Tag Archives: crisis

What writers can learn from reality shows

Dessert EmiratesReality TV shows seem to be endlessly popular with the TV viewing audience. They pop up constantly, perhaps with a different name, different skills, but always they’re contests. Big Brother, Survivor, Master Chef, the Block, the Biggest Loser – and my all-time favourite, My Kitchen Rules.

Let me make it perfectly clear that I no longer watch these shows. I watched a couple of seasons of Master Chef because I love cooking shows and Master Chef actually had a few episodes a week where they went into the details of cooking. The rest of it, however, is a cooking contest. Which brings me to My Kitchen Rules. I imagine a similar show exists all over the world. In Australia, one pair of contestants, both amateur cooks, is chosen from each state in Australia. The couples can be married, gay, sisters or brothers, friends or whatever turns you on. The season starts with each couple hosting all the other contestants and the judges, for a dinner party in their own home. The contestants and the judges all score the meal. After all the ‘at home’ meals have been done, there’s an elimination process where some people drop out. Sorry if I’m hazy. You see, I loathe this show. Sure, I was sadly disillusioned to discover it wasn’t a cooking show. I hankered for Nigella, or the Cook and the Chef, Two Fat Ladies, the Naked Chef. What I got was a contrived game show.

In one of my biennial visits to the doctor I came across an article in a women’s magazine (I hate them, too – a doctors’ visit is the only time I ever look at them), a My Kitchen Rules tell-all. Well, gosh, Mouseketeers. Oh you thought the people cooked in their own homes? No.An awful lot of houses in Australia don’t have a separate dining room. We tend to prefer open living. But the home used for the set had to have a separate dining room so the couple cooking could be sequestered in the kitchen while the others talked about them. That, of course, but more pressure on the cooking couple. Unfamiliar kitchen, unfamiliar stove. And you know all that bitchiness and trash talk? The contestants are told what to say! Yes, it’s true. And, I have no doubt the fuck-ups are orchestrated, too.

So what does all this have to do with writing?

Everything, my friends.

I’ve already alluded to the importance of setting. Make sure your setting supports what will happen. Think about how the setting can aid some characters or put others on the back foot.

Choose your characters carefully. In MKR the contestants are selected with group dynamics in mind. Have a look. There’ll be the nice couple everyone hopes will win. The pompous know-it-alls who are critical of everyone else. The bitches (usually women) who often provide the tag lines for tomorrow’s show and who everybody hopes will get eliminated. (Quite often they last a loooong time to keep the tension going.) Then there’s the devious couple who’ll do anything to win, like voting down a spectacular meal so the rival couple’s rating falls. There’s the super confident couple who break under pressure (when the custard boils over or the kitchen paper catches fire in the oven or the lamb’s undercooked). And there’s the couple who come across as irritating or vaguely obnoxious but who blossom and grow during the show.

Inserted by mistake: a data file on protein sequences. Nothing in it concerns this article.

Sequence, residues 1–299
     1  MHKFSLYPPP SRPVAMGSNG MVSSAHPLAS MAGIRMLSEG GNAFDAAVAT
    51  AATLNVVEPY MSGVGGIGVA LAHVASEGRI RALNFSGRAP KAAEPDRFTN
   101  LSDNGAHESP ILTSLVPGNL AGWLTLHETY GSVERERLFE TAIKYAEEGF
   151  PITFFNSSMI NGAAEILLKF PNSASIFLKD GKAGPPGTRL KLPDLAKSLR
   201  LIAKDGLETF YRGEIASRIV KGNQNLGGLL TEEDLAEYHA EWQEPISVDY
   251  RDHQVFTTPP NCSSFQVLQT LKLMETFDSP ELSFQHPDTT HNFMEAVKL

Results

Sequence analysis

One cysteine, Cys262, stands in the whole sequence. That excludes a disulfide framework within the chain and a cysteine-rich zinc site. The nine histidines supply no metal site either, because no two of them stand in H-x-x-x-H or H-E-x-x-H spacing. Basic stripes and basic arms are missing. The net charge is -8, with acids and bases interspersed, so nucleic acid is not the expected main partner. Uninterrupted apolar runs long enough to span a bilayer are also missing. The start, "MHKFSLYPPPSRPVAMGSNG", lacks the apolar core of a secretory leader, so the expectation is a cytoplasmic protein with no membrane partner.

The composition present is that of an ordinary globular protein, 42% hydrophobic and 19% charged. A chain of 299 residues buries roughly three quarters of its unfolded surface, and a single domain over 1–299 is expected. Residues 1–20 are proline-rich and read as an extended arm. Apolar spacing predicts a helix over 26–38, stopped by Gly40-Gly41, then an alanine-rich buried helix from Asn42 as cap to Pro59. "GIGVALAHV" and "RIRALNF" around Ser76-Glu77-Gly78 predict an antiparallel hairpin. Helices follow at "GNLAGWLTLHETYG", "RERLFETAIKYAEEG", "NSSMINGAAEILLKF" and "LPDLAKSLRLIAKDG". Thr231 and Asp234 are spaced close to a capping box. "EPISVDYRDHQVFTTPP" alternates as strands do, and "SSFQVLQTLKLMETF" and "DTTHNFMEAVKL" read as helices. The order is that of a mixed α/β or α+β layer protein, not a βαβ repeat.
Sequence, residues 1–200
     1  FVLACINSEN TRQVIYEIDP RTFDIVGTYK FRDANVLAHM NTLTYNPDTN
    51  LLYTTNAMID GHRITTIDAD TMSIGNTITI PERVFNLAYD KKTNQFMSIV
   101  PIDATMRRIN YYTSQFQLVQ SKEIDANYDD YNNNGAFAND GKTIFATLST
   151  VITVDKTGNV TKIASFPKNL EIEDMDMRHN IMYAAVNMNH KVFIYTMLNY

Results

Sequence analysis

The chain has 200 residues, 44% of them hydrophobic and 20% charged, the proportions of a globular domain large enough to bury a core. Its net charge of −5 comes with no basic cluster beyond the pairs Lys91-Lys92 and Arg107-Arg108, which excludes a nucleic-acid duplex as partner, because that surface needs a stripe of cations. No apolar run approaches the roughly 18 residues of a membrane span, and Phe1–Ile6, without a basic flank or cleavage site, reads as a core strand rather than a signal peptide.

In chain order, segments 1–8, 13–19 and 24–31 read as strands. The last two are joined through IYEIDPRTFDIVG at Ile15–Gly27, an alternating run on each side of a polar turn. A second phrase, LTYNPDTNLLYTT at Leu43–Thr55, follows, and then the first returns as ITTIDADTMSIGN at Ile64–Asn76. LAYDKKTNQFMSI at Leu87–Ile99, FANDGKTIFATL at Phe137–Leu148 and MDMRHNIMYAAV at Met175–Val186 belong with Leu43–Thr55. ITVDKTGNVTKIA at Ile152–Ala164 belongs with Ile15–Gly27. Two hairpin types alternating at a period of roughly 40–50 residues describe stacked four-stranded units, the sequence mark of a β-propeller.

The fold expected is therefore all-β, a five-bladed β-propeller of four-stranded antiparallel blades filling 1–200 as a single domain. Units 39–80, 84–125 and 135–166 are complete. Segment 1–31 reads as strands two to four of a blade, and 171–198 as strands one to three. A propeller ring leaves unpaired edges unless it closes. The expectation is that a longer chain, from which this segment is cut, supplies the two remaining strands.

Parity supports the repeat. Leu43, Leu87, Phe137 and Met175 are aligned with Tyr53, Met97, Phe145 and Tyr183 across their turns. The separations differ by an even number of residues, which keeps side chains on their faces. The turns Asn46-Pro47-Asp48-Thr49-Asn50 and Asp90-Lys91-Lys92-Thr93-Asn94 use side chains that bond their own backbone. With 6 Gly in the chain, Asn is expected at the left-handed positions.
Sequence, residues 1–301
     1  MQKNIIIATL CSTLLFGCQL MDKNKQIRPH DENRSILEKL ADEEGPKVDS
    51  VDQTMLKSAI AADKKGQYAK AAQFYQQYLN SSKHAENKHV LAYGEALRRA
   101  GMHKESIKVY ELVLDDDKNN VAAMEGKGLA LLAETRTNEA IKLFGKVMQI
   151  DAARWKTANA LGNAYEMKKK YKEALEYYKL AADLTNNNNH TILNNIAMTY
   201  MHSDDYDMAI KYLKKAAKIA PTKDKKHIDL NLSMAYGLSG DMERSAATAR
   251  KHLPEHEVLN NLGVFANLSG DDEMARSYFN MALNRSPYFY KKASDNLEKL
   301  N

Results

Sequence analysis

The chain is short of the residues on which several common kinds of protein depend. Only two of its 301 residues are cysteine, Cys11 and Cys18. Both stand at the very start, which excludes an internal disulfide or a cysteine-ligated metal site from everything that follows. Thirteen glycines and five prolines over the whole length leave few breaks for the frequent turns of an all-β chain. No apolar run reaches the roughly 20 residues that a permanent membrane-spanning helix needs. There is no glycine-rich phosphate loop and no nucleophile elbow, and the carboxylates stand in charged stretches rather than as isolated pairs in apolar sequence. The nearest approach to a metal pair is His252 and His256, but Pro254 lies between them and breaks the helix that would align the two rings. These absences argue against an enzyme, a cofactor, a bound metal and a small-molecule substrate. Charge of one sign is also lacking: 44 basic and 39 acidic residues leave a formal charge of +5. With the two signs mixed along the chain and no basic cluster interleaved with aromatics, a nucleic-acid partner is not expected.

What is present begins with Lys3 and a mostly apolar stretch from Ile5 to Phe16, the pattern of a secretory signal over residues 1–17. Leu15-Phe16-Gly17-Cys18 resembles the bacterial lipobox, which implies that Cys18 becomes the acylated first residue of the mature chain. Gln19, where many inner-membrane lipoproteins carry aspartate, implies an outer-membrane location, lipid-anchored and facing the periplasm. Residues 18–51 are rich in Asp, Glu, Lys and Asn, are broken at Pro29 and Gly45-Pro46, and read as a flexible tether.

Tension is a vital component. In every episode there will be a minor crisis (contrived). For example, people having to wait two hours between the entree* and the main course. Or a couple who make cheese on their farm at home, so they cook a meal with cheese in every course. (Needless to say, one of the diners will hate cheese, or be allergic.) Or a contestant more interested in having his trousers pressed than letting his wife get on with preparations for dinner.Later, couples who have been eliminated will return to give their opinions. They’ll be the pompous lot and or the bitches.

Conflict is king. There will be trash talk at the table, conniving about what votes to give… and so it goes. So MKR (like all these shows) is about conflict – which is what good stories are all about. The characters are carefully chosen to show (!) this conflict and given lines to say. Then as the show progresses the tension between the contestants is heightened by throwing in ever-increasing problems, such as the mishaps in the kitchen. Later, the couples are thrown into situations they haven’t encountered before, like cooking for a crowd at a bush fete, or something.

Take note, writers. These shows are enormously popular for a reason. A year or two ago my husband and I were on a small bus delivering people to their cars at the long term carpark. On board was a group who had flown up to Brisbane to watch Big Brother, and they talked about their experience. I could not believe the commitment these people had to the contestants in a TV show. They hated some, loved others, wanted some out. THAT is the sort of emotion you want to get from your readers.

Although, of course, there will still be some people who HATE what you’ve done.

 

* an entree in Australia and most other places is an appetiser. I have never understood how Americans can refer to what we call a main course as an entree.

The picture at top left is of dessert in Emirates first class. It was delicious.